• listen to individual concerns and preferences 
  • respect patient decisions and autonomy 
  • embrace creativity in finding an approach that works for everyone 
  • provide multi-mode breastfeeding education, including face-to-face instruction, written resources, and videos
  • evaluate easy read resources for clarity and ask for feedback on these resources from individuals who use them 
  • support both nursing and pumping choices for mothers
  • ensure that ASL interpreters are available for lactation consultant visits in the hospital 

Mental Health and Mothering 

Antenatal (before birth) and postpartum (after birth) depression and anxiety are thought to affect one in eight American mothers. Poor maternal mental health can exert impacts beyond the mother herself, leading to challenges with caring for a new baby. High levels of stress are linked to unsafe infant sleep practices, while depressed mothers are more likely to report sleeping in the same bed as their baby, both findings indicating that babies are at risk when mothers are unwell mentally. Attention to maternal mental health has increased as the number of mothers diagnosed with depression and anxiety has increased substantially since 2008. 

In April, 2024, Health Affairs released a special issue all about mental health during pregnancy and after having a baby. Articles in the issue highlighted challenges including reduced access to mental health treatment. The issue provided strategies for improving mental health outcomes, like extending Medicaid coverage for mothers after pregnancy and using text and telephone to screen new mothers for mental health conditions and refer them to treatment. To support diagnosis and treatment for maternal mental health, the federal government recently provided $11 million of funding for the Screening and Treatment for Maternal Mental Health and Substance Use Disorders program.

Special Note: This issue also includes an article on paternal mental health by FCHIP’s Dr. Craig Garfield and Tova Walsh, PhD, MSW, MS.

National Policy Updates  

Congress recently passed two laws to help protect the rights of workers who are pregnant or nursing. These two laws are: Providing Urgent Maternal Protections (PUMP) for Nursing Mothers Act and the Pregnant Workers Fairness Act (PWFA).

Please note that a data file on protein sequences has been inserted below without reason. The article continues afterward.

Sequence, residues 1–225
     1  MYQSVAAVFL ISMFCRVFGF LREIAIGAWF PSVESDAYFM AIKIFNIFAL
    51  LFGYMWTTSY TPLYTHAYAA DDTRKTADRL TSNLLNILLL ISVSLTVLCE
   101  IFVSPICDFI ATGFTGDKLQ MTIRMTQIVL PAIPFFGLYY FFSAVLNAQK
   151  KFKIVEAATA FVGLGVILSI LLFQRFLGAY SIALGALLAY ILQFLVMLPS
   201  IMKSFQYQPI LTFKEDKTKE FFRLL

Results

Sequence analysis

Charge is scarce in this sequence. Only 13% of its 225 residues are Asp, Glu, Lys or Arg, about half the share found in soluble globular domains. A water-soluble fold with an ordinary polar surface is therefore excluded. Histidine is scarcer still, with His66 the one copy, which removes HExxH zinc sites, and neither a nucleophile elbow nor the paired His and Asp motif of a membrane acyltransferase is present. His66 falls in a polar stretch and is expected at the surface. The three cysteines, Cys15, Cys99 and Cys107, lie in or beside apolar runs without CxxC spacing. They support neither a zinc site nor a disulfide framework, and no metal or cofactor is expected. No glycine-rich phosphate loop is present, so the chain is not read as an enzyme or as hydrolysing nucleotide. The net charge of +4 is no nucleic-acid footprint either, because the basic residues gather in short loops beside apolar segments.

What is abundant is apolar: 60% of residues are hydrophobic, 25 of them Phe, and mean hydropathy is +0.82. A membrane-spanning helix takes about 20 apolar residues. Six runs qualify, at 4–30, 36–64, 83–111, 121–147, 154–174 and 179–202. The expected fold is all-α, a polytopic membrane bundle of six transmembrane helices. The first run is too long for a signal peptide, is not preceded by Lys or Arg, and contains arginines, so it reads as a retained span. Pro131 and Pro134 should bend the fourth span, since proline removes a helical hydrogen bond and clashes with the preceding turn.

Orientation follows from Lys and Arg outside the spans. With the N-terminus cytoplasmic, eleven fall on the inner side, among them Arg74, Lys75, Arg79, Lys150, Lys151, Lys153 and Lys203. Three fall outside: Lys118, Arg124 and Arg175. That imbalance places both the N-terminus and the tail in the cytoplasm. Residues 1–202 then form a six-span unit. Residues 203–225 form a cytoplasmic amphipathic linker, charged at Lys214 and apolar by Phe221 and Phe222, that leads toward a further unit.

The PUMP Act went into effect on December 29, 2022. This law requires employers to give reasonable break time to workers who are breastfeeding so that they can pump. Employers also need to provide a private space to pump that is not in a bathroom. These protections have to be offered until the child’s first birthday. The United States Department of Labor provides several resources to help nursing workers and employers make sure the PUMP Act requirements are met.  

The PWFA went into effect on June 27, 2023. This law requires employers to provide reasonable accommodations to workers when they have a limitation that is related to pregnancy, childbirth, or another related medical condition. The U.S. Equal Employment Opportunity Commission provides resources and guidelines for following the PWFA. They also provide tips for pregnant workers about how to ask for accommodations and what to do if their employer says no to their request.  

Both laws provide important protections that prevent discrimination and help pregnant and postpartum workers stay in their jobs during and after their pregnancies.

State Maternal and Child Health Innovations 

Safer Childbirth Cities – Jackson, Mississippi  
The Safer Childbirth Cities initiative has supported and brought together community-based organizations in 20 cities across the United States. The Mississippi Public Health Institute leads the Jackson Safer Childbirth Experience project, which provides community-based doula services with the goal of decreasing unnecessary C-sections and improving birth outcomes among African American women. This project has had many positive impacts for the community, with high rates of women staying in the program and reporting how helpful the program has been.  

Healthy Mom, Healthy Family  
The Healthy Mom, Healthy Family project is intended to improve healthcare between pregnancies for mothers across Ohio by providing health screenings for mothers. These screenings ask about depression and anxiety, tobacco use, family planning, and multivitamin use. This program has the potential to help mothers improve their health and reduce risk for pregnancy complications in the future.